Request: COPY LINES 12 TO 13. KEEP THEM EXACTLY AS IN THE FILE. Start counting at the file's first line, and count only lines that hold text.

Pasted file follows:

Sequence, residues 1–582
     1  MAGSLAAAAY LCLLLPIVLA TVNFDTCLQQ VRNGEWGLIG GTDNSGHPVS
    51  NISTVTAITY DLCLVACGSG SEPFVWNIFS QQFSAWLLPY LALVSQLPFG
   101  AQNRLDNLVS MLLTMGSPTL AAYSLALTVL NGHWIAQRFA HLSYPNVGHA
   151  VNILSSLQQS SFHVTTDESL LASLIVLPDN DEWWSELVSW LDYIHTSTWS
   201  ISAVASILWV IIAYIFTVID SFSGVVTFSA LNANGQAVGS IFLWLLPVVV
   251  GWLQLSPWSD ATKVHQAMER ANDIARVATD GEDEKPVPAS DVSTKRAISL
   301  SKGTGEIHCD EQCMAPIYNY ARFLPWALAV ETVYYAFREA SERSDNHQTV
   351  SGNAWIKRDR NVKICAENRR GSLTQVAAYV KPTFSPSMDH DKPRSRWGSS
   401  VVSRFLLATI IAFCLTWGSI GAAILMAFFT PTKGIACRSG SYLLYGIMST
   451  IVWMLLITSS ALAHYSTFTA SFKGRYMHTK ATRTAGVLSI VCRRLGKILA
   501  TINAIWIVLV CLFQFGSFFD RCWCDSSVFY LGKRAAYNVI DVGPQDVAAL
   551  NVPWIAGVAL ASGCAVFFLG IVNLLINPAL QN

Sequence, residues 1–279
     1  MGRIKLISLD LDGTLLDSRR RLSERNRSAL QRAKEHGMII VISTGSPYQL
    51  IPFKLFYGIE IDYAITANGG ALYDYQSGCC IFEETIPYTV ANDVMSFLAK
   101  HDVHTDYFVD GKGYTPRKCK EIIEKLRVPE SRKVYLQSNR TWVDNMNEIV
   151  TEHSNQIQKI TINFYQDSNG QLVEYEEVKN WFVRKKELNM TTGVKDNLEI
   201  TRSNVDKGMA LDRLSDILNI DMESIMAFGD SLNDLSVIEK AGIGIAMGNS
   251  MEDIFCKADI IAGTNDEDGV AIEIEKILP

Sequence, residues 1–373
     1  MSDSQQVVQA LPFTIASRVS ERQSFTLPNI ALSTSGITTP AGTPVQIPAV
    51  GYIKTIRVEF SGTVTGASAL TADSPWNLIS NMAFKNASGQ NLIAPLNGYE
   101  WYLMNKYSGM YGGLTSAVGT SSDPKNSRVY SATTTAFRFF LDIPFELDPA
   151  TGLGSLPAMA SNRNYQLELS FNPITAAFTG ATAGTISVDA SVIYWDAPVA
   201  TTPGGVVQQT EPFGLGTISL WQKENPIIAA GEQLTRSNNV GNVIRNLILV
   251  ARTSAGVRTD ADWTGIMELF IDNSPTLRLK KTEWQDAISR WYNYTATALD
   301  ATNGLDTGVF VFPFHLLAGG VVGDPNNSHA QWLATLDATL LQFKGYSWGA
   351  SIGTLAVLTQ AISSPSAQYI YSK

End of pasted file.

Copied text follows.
   501  TINAIWIVLV CLFQFGSFFD RCWCDSSVFY LGKRAAYNVI DVGPQDVAAL
   551  NVPWIAGVAL ASGCAVFFLG IVNLLINPAL QN